3x3x3: Amy Winehouse joins rock & roll’s celebrated 27 Club

If there’s a rock and roll heaven, you know they’ve got a hell of a band. – Alan O’Day and Johnny Stevenson

British neo-soul superstar Amy Winehouse joined The 27 Club yesterday. If you haven’t heard of this select group, the term refers to all the musicians who have died at the age of 27. It’s a pretty famous crowd.

  • Janis Joplin, dead of a heroin overdose in 1970, was regarded as perhaps the preeminent female rock vocalist of her generation.
  • Jimi Hendrix, still regarded as one of the greatest guitarists in history, had died less than a month earlier.
  • Brian Jones, the brilliant and multi-talented co-founder of the Rolling Stones, died under suspicious circumstances in 1969.
  • Two years to the day after Jones’s death, Doors lead singer Jim Morrison died of “heart failure.”
  • Kurt Cobain, who many regard as the voice of his generation, committed suicide in 1994.

These are the really famous ones. But the list goes on.

  • Robert Johnson, probably the most influential guitarist of all time.
  • Ron “Pigpen” McKernan, founding member of the Grateful Dead.
  • Chris Bell of Big Star, a band whose impact on the Power Pop underground is still felt today.
  • Dave Alexander, bassist for The Stooges.
  • Pete Ham, leader of Badfinger.
  • Gary Thain, bassist for Uriah Heep (a band whose bombast and notoriously revolving cast of musicians served as a model for Spinal Tap).
  • D. Boon, lead singer of The Minutemen (a band I saw live the night before he died).
  • Pete de Freitas, drummer for Echo & the Bunnymen.
  • Mia Zapata, lead singer of The Gits.
  • Kristen Pfaff, bassist for Hole.
  • Richey James Edwards, guitarist and lyricist for Manic Street Preachers.
  • Alan “Blind Owl” Wilson, lead singer for Canned Heat.

Again, the list goes on. Add to these names an equally lengthy list of actors, athletes, poets, politicians, artists and other political figures and at some point the head begins to swim. A lot of genius (and a good bit of the infamous) has departed this realm at the age of 27.

To some extent The 27 Club represents an observational fallacy. There are only so many ages at which a person can die, after all, so of course a lot of famous people have died at any particular age you want to consider. The 28 Club, if there is such a thing, includes The Big Bopper, Jeff Buckley, Shannon Hoon, Heath Ledger, Brandon Lee, two Kennedys and Caligula. The 29 Club? Marc Bolan, Anne Bronte, Josh Hancock, Christopher Marlowe, DJ Screw, Percy Bysshe Shelley, Ronnie van Zant, Hank Williams and yet another Kennedy. It’s always tragic when talented people die young and our society – perhaps any society – feels an excess of pain when we see wasted potential. We can’t help imagining what might have been accomplished over the course of a full lifetime.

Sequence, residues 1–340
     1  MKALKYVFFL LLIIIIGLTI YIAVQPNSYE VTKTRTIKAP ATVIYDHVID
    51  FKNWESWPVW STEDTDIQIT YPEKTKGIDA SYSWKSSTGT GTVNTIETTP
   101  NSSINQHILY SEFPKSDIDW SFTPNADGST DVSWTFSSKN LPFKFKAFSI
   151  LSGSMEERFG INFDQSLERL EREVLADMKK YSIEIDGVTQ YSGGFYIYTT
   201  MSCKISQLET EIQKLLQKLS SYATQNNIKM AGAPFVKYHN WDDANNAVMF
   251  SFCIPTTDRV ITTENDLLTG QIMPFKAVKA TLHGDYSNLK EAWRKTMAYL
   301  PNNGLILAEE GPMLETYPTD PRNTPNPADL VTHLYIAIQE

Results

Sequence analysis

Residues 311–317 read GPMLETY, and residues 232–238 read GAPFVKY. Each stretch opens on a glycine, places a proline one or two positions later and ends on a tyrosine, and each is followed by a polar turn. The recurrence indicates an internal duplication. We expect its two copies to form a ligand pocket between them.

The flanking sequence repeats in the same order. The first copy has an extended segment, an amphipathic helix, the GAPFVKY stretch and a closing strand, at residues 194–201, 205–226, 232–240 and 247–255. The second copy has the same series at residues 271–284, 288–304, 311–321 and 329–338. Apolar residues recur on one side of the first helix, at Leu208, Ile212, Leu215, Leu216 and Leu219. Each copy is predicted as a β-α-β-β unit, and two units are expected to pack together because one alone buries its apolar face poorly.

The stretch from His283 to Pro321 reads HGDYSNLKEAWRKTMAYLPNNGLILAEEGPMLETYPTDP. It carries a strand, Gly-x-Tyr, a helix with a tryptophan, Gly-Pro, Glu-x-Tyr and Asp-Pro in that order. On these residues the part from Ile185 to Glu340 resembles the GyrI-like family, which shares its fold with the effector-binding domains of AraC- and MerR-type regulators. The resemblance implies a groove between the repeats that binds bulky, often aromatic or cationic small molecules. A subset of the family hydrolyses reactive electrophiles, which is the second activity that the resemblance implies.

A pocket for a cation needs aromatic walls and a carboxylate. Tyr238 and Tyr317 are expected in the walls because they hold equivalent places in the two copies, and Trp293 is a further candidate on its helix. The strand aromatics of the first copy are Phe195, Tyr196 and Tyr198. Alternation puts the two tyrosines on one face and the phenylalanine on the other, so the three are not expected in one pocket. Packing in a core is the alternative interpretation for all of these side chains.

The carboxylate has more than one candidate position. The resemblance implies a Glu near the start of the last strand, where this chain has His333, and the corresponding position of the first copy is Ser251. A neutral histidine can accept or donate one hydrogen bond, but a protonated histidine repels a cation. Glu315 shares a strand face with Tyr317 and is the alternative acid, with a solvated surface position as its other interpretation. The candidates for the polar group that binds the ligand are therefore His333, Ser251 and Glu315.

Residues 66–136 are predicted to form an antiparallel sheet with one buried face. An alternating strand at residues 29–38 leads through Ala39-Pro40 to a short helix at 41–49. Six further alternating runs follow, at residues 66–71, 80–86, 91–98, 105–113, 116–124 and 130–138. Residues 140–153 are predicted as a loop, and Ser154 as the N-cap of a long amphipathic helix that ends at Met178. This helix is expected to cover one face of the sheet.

We spend a lot less time thinking about those who do great things by the age of 27 and then live out long, comparatively pedestrian lives, though. That kind of narrative doesn’t make especially good fodder for songwriters or filmmakers, as it turns out.

Still, when it comes to the cultural process of myth-making, 27 seems a especially dire age, full of promise and throbbing with danger. Maybe we’re subliminally drawn to the numerology – three is a divine number and 27 is three times thrice. Or maybe it’s more mundane than that. The span between 25 and 30 represents the crescendo of the first phase of our lives, the nexus of youthful verve and the onset of experience and wisdom. It is the age of greatest accomplishment by our most outstanding athletes, and in artistic pursuits it is a period where we begin to understand how we can harness our creative energies. In intellectual and rational endeavors, our minds are growing in power but very few of us have reached the top of the mountain, so our expanding capabilities are boosted by an intense drive to succeed.

In many ways we are never more on fire with life. And when someone is snatched away in their “prime,” the tragedy feels greater. When someone my age dies, we might lament that he was too young to go, but still, he was 50 – he’d had time to make his mark. When a child dies it’s horrific, but rarely can we lament tangible promise. A girl of eight may have been good on the piano, but she probably hadn’t reached the point where she was regarded as a budding superstar.

Maybe 27 is the number of epic tragedy. Or maybe we’re just feeling a primal need, born of grief and fear, to canonize an observational fallacy that seems to cluster unnaturally and unfairly around a set of artists that we loved.

I can’t really say, although I certainly can empathize. I was a big Amy Winehouse fan and I’ll never forget the moment when I heard that Kurt was gone. I understand why we memorialize The 27 Club, why we draw these icons together and pull a velvet rope around their portraits, portraits that always depict them as they crest.

If there’s a rock and roll heaven, The 27 Club is going to be hell to beat come next year’s Battle of the Bands….


References at Wikipedia and Disabled-World.com.


  • Hank Williams is always the one that blows me away. But yeah, it’s a little sobering.

  • Some have speculated that the statistical spike in musician deaths at this age is related to the astrological “Saturn Return” phenomenon. While I’m not sure about that, I have explored the death of Alan “Blind Owl” Wilson, founder of Canned Heat, in my book Blind Owl Blues. His passing at age 27 happened on September 3, 1970, just prior to the deaths of Jimi Hendrix and Janis Joplin.

    Those interested in Wilson’s life, music and mysterious death are invited to check out my website at http://BlindOwlBio.com, and also his family’s tribute website at http://AlanWilsonCannedHeat.com. Thanks for remembering him in this story, and don’t forget to boogie!

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